In other words, the how of representation—color, weight, surface, scale, process—are topics of lengthy disquisition. But the what being represented is never discussed. When mentioned at all, subject matter is cited not for its inherent meaning but for its role as the opening gambit in a visual chess game. The subsequent moves are what interest Katz, how he can use color and shape to manipulate the way the mind fills in and alters perceptual data.
Throughout his career, Katz has been closely involved with poets and poetry, especially that of the New York School, with its characteristic careening between the offhand and the profound. It’s a quality that is also found in Ukiyo-e woodblocks—the everyday world made harder, brighter, more numinous, while remaining seemingly effortless and circumstantial. Katz is particularly drawn to Utamaro, the quintessential chronicler of domestic glamour: “Utamaro… is bohemian; he lives in the same world I do.” It’s an apt comparison: we do not look to Utamaro for a sense of the psychological life of his sitters; we don’t expect social commentary on the Tokugawa shogunate. We look to Utamaro for the pleasure of a perfectly artful composition depicting some quite ordinary event. And that is a quality that Katz achieves again and again throughout these pages in images as simple as Black Shoes (Fig. 4), a perfect small observation, polished and presented as if in a locket for all eternity, and it’s enough to break your heart.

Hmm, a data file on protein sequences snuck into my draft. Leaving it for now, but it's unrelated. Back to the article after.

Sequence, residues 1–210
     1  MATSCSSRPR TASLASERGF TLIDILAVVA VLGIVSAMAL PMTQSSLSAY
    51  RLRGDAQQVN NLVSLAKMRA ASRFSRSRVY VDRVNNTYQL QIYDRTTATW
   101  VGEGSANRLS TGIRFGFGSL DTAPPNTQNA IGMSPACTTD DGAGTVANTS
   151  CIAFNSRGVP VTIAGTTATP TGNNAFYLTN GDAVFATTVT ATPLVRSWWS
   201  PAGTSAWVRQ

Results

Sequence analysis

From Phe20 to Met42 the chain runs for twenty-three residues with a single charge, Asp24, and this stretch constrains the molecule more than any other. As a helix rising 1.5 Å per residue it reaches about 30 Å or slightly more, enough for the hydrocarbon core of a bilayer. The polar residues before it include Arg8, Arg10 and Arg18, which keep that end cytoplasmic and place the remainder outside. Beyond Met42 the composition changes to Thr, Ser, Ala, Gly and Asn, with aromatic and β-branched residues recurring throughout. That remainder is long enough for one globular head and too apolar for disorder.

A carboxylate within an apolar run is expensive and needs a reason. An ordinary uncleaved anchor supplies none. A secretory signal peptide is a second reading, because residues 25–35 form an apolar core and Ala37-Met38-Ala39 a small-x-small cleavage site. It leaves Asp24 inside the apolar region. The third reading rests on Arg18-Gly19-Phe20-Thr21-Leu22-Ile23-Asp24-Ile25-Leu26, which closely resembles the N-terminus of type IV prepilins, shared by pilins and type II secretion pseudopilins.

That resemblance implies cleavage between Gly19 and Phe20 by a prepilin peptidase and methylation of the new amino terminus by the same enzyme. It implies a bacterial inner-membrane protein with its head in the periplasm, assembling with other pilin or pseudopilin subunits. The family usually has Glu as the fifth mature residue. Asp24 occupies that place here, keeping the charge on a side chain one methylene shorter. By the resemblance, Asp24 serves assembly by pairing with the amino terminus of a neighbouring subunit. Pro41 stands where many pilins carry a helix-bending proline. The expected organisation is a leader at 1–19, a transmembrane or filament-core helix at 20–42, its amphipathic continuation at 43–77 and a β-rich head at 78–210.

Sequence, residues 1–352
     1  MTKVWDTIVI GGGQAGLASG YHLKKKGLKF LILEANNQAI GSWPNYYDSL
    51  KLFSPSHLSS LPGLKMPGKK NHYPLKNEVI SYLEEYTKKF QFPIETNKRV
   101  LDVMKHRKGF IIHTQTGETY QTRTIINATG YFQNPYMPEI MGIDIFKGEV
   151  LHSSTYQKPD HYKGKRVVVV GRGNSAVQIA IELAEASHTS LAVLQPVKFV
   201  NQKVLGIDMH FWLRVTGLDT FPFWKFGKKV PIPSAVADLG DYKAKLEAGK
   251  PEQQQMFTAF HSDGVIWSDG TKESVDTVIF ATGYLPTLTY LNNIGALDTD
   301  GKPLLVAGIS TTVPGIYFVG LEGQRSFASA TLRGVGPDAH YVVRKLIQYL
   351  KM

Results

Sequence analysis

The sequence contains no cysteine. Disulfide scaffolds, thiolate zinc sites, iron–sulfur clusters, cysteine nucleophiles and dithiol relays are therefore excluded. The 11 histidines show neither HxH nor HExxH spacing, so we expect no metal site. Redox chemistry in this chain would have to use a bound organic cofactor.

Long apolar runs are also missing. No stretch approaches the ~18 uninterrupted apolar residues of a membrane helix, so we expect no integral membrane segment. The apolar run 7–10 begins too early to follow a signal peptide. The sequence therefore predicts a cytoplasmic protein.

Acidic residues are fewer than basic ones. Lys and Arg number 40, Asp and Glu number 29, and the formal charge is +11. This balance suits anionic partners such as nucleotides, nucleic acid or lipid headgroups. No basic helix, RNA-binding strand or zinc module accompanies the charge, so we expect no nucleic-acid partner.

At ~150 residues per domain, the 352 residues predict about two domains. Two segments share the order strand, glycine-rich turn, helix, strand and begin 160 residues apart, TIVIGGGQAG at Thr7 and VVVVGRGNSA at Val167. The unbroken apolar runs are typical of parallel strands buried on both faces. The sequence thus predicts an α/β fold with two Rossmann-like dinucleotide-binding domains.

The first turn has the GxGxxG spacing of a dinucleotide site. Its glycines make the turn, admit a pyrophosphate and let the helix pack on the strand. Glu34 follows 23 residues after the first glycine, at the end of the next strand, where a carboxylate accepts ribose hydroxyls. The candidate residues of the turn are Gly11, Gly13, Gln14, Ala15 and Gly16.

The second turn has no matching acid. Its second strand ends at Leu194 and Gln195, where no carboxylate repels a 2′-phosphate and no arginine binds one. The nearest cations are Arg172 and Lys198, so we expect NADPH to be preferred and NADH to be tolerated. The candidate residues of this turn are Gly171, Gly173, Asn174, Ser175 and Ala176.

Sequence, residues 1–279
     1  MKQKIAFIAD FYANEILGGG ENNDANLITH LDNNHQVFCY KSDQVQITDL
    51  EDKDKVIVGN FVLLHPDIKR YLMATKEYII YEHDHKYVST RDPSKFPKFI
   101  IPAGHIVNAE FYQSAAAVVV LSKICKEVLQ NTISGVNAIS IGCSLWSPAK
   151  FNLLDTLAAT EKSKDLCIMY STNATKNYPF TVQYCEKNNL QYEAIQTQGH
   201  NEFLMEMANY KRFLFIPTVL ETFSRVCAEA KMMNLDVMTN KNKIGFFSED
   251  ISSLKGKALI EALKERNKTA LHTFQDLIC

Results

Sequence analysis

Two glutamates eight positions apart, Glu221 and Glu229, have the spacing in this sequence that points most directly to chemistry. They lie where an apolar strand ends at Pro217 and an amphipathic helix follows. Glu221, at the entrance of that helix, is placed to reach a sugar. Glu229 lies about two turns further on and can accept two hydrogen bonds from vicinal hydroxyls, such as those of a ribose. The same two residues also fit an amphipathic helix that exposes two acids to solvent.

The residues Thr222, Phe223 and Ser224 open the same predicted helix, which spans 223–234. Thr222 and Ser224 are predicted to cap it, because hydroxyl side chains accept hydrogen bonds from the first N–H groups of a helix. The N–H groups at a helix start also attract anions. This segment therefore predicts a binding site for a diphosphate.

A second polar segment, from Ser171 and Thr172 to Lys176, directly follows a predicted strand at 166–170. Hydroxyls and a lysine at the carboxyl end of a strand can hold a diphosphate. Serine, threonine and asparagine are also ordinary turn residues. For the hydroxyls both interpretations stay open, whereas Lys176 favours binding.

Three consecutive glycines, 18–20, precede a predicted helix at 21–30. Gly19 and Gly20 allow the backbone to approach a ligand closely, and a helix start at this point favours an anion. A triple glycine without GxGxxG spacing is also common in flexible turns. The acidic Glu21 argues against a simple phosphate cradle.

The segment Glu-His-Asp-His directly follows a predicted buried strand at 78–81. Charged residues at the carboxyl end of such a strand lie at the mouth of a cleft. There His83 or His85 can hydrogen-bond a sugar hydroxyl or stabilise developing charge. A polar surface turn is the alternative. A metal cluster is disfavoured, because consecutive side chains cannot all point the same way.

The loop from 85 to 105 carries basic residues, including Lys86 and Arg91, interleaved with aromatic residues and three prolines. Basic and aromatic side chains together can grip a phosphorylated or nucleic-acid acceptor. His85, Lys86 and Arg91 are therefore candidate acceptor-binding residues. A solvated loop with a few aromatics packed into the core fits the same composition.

If there is something profound about Katz’s art, it boils down to this quality of time. Three of the most reductive, most minimal prints of Katz’s career were made in 1992 as the woodcut triptych Northern Landscape: Fog, Night, Bright Light (Fig. 5). In the first, three orange rectangles shine out of the gray—cabin windows deep in the woods; the second is almost entirely black with a scattering of midnight blue where the night sky peeks through the canopy of leaves; the third is pale gold with two diamonds of dappled light at the top, reflecting off the surface of the water. The information supplied is so thin it is almost absent, but it is everything you need to know to recognize the moment. “It is all about light,” Katz says. “Eternity only exists in the immediate present, right? That’s my idea, anyway.”
- “Heliorelief” is a photomechanical method for making a woodcut, in which a photo-sensitized block is exposed to a negative, developed, and then cut.